The paper "Differences between Organizational Culture and Corporate Culture" is an outstanding example of a management assignment. From the case study, we have a number of organizations and corporate provided by Japanische Industrie-und Handelskammer Zu Diisseldorf that exhibit differences in their working. We have 31 Japanese Companies in Germany of which includes 3 financial service firms, 7 huge trading companies, 2 heavy manufacturing firms whose responsibility is to carry out marketing research in Germany, 1 engineering firm and finally, 8 other manufacturing corporations. In the working environment, differences in social-culture are eminent and they combine with organizational styles thus highly complicating the working relationship between Germany and Japanese employees.
The organizational life approach by the Germans and the Japanese employees are deep-rooted in customs and social values while the industrialized practices of the German and Japanese firm’ s accounts for another reflection of differences. These make the cross nationality between the Germans and the Japanese relations more complex within the working environment through the institutional differences are far way less fundamentally as well as more amenable to adjusting thus permitting a more conducive ordinary and general ground.
Germany corporate structures, economic organizations, as well as management practices, bears a strong similarity to patterns in Japan and yet the Japanese and the Germans seem far much apart. Based on specialism and generalism; Japanese companies were well structured amongst themselves though they lacked a lot of stock traits as compared to Germans (Western formal) organizations. The employees of the Japanese are employed as generalists other than specialists and at times, the job environments to which they shift to, have shifting boundaries as well as little descriptions. In addition, the Japanese managers are somehow reluctant to carry out evaluations of its foreign employees hence depriving the local employee’ s precise signals of the organization's expectations for the performance and the reward. On the other hand, German employees have job specializations and they share the western proclivity to classify commitments and roles to the organization basing on specialization and circumscribed responsibilities. Question 2 Social and cultural barriers between Japanese and German and how these barriers benefit Japanese expatriates and the problems they create in the minds of some Germans We have Diisseldorf Community which is one of the oldest Japanese residents in Europe connoting their social setup in a foreign nation.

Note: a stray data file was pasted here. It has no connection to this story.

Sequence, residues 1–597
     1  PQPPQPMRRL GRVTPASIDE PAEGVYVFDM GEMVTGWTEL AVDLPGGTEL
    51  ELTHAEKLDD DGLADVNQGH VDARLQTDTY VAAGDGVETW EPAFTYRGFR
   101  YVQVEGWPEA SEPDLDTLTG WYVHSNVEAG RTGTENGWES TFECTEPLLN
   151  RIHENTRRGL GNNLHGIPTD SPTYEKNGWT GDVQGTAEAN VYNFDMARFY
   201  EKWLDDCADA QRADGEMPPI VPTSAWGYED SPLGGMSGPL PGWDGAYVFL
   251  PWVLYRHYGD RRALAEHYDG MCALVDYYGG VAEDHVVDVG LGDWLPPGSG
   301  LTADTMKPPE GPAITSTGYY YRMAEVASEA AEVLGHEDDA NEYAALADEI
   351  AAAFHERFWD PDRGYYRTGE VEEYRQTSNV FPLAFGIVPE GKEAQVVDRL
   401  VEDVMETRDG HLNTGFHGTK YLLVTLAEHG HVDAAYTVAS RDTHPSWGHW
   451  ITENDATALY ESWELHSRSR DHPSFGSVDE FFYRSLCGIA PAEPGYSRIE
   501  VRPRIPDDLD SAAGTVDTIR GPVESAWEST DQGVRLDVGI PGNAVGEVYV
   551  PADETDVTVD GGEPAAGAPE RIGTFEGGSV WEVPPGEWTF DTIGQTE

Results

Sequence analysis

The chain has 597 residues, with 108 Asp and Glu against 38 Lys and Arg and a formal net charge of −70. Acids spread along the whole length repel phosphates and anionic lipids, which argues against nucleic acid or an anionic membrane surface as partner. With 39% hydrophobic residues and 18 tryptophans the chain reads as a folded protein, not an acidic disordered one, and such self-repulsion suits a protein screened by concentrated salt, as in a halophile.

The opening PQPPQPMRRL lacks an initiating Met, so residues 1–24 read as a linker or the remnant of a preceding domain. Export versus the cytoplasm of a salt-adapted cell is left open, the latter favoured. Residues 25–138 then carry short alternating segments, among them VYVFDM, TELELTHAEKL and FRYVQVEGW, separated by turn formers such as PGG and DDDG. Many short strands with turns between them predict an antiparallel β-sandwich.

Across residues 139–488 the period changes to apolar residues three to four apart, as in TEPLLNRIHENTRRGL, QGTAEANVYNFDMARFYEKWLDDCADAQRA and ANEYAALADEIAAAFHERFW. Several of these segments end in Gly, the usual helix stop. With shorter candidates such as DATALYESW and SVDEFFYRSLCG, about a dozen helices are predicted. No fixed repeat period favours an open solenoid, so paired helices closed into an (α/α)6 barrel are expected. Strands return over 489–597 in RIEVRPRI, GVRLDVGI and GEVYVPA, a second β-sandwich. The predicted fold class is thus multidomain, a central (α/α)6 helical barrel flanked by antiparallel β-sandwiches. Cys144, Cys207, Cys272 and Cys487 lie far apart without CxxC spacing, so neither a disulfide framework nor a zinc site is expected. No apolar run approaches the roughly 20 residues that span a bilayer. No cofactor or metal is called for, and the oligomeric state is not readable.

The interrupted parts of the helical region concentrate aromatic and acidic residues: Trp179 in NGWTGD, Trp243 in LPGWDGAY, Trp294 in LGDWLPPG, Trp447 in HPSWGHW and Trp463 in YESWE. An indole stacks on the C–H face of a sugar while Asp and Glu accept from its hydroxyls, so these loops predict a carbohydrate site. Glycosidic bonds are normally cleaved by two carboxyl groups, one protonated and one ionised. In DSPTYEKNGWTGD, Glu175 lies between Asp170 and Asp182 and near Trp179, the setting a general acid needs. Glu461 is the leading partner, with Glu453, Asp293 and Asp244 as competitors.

The trading and steel companies between the Japanese and the Germany huge industry in Ruhr gives an account for the origin of this noble Japanese community in Germany. During a Germany tour of duty by the Japanese, Japanese lifestyle is maintained by the Japanese expatriate families through the provision of facilities, services as well as support to these Japanese families. The Japanese owned stores and restaurants offer Japanese foodstuffs, home furnishing, and clothing while the enclave schools do enable the expatriate kids to pursue Japanese education without any disturbance by an oversea stay.
They further have cultural activities such as art, tea ceremonies, music and classes in flower arranging among many others that aid in the preservation of Japanese cultural ambience as well as the provision of outlets in aid of Japanese managers’ clubs, spouses, associations as well as neighbors giving supportive networks of the friends and the acquaintances. There are self-contained expatriate societies in German who offer real benefits to the rotating Japanese managers within North-Rhine subsidiaries of Japanese firms in Germany.
This allows assignment within the region with less upset and distress to family life other than the usual Japanese corporate-based transfer occasion.